Arrogance: Rescuing America from the Media Elite

Arrogance: Rescuing America from the Media Elite

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by Bernard Goldberg

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In his #1 New York Times bestseller, Bias, Emmy Award-winning journalist Bernard Goldberg created a national firestorm when he exposed the liberal biases of the so-called mainstream media. Now Goldberg takes on Big Journalism and punctures the bubble in which the media elites live and work-a culture of denial where contrary views are not welcome. With blistering wit…  See more details below


In his #1 New York Times bestseller, Bias, Emmy Award-winning journalist Bernard Goldberg created a national firestorm when he exposed the liberal biases of the so-called mainstream media. Now Goldberg takes on Big Journalism and punctures the bubble in which the media elites live and work-a culture of denial where contrary views are not welcome. With blistering wit and passion, Goldberg offers a twelve-step program to help journalists overcome their addiction to slanted news and exposes the main culprits of arrogance in the media. He reveals: How the media's coverage of the Jayson Blair scandal missed far more serious problems at the New York Times, Why the media refuse to shoot straight when the subject turns to guns, Which CBS News icon is "transparently liberal," according to commentator Andy Rooney, Why some think the top journalism school in America is an intellectual gulag, How some journalists, like Bob Costas and Tim Russert, do get it-and how they think American journalism can be made better.

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Editorial Reviews

Publishers Weekly
Most people who hit the top of the bestseller lists with their first book would enjoy their success, but Goldberg (Bias) would rather grouse about how little media attention he got and how even his new publisher (he was previously with Regnery) doesn't understand why liberal bias in journalism is a "crucial" issue. His analysis of the media's "leftward" slant in coverage of social issues, buttressed by his own experiences as a CBS News correspondent and tales from anonymous colleagues, is not without its persuasive qualities, though undermined by rather obvious deck-stacking, condescension toward opposing viewpoints and intermittent outrageousness. He also drops hints about how news organizations bully interviewees to eliminate anything that might contradict what they broadcast an act of arrogance transcending ideological lines but quickly drops that story in favor of more liberal-bashing. And despite his admonition to media professionals to "stop taking [criticism] personally," Goldberg repeatedly makes it personal, taking shots at Barbara Walters, for example, or accusing New York Times columnist Frank Rich of attacking him as a favor to a college classmate. That's only a fraction of his complaints against what he sees as the paper of record's ideological stance, which he considers both far more pervasive and more important than the Jayson Blair scandal. (Nor, he says, is it a new problem, recycling criticisms of Stalin-era Moscow correspondent Walter Duranty that have recently gained favor among mainstream analysts.) Goldberg isn't just a lone voice in the wilderness, either, as interviews with Bob Costas and Tim Russert offer supporting perspectives. Still, this is pure, unadulterated Goldberg, with precisely the same combination of insider knowledge and righteous indignation that made him a hit the first time around. Expect robust sales. (Nov.) Forecast: The publisher has announced a first printing of 325,000 copies and plans to run radio ads in New York, Los Angeles, Washington, D.C. and Chicago and print ads in most major papers and book review journals. Copyright 2003 Reed Business Information.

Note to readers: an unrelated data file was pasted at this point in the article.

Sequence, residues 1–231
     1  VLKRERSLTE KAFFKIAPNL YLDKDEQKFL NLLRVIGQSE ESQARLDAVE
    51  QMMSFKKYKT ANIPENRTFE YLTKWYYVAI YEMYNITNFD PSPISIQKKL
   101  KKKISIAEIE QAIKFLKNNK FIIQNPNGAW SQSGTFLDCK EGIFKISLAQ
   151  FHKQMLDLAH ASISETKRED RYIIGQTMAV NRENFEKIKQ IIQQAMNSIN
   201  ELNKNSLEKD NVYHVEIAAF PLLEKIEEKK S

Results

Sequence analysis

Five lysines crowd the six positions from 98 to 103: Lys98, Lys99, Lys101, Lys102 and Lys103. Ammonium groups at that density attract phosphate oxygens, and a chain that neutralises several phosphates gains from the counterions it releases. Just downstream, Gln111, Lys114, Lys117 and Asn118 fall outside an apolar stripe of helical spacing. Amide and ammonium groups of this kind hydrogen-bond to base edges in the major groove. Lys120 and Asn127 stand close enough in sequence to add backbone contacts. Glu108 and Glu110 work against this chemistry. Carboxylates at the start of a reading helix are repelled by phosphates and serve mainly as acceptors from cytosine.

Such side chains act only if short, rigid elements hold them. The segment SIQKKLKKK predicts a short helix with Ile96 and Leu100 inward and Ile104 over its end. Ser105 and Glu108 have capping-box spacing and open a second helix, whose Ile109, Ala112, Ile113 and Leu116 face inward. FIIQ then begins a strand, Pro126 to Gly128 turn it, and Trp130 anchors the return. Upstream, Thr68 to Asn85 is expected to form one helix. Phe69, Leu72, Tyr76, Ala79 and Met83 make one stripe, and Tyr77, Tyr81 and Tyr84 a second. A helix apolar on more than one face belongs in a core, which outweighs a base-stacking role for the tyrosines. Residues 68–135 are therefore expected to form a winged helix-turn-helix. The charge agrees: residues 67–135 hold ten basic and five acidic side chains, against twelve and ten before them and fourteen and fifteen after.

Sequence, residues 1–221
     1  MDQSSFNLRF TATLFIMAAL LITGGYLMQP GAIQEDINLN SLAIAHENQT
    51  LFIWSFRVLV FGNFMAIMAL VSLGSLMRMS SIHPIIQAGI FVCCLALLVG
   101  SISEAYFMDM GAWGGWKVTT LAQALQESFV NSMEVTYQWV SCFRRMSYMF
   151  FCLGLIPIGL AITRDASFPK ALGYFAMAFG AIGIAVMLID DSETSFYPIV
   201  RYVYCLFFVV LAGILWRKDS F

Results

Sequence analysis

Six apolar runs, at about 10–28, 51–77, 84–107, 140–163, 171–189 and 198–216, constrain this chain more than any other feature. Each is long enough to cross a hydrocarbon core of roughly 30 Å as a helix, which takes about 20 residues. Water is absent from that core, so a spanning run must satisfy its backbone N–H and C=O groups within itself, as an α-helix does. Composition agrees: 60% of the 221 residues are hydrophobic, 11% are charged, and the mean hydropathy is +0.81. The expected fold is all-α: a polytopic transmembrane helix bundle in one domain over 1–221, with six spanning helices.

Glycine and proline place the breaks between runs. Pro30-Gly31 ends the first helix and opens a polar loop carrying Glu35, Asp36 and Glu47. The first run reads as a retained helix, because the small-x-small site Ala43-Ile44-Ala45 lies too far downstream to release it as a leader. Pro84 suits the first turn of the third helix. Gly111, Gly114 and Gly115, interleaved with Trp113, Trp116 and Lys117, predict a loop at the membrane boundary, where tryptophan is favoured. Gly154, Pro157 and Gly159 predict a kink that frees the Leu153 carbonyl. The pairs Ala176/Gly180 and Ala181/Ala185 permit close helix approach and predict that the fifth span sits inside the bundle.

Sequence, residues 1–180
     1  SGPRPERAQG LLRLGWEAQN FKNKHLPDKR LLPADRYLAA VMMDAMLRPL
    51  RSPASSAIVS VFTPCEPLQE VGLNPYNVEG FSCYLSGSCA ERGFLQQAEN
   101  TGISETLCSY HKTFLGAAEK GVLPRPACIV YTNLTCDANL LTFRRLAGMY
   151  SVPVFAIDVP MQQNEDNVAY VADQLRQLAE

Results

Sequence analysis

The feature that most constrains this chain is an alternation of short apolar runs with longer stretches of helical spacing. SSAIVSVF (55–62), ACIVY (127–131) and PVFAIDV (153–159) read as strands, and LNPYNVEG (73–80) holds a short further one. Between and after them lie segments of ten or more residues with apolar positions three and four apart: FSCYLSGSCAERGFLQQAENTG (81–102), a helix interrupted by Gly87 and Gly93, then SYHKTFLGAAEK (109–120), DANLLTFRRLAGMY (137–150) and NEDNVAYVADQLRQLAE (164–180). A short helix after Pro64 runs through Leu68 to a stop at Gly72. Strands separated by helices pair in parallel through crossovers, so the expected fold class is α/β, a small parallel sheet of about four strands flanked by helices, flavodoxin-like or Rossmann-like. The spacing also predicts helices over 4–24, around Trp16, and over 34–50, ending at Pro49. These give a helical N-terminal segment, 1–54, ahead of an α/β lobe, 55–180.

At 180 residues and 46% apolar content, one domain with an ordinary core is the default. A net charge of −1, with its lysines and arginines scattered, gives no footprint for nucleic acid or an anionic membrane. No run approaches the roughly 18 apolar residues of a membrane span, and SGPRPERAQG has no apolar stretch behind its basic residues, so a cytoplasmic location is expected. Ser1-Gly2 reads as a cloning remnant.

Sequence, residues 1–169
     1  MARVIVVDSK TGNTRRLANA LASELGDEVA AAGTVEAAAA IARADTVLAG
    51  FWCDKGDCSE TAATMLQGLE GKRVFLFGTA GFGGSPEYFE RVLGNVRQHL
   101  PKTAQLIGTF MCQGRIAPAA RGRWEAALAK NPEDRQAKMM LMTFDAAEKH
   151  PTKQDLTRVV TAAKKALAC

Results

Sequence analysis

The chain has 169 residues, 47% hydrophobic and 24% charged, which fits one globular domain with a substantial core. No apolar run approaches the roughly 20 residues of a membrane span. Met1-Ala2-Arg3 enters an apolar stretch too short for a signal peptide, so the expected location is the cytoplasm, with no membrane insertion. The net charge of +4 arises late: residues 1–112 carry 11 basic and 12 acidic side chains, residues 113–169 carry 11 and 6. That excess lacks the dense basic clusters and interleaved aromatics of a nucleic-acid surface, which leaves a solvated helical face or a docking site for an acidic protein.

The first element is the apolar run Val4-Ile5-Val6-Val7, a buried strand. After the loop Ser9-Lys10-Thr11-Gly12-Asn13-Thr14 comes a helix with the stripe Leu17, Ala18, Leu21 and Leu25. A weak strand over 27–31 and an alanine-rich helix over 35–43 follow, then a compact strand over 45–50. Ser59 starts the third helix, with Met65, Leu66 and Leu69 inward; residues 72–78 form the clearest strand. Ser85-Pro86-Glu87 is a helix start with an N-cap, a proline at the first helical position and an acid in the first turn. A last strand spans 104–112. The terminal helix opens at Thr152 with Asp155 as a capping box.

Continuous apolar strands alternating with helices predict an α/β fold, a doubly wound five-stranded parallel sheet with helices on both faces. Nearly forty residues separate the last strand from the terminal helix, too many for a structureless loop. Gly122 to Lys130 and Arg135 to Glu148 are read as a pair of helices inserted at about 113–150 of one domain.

Library Journal
In the best-selling Bias, Goldberg decried the way U.S. media slant the news. Here, he reputedly names names and offers solutions. At least he has an insider's perspective: he was a CBS correspondent for nearly 30 years. Copyright 2003 Reed Business Information.

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Product Details

Grand Central Publishing
Publication date:
Product dimensions:
6.34(w) x 9.18(h) x 1.09(d)
Age Range:
13 Years

Read an Excerpt


By Bernard Goldberg

Warner Books

Copyright © 2003 Medium Cool Communications Inc.
All right reserved.

ISBN: 0-446-53191-X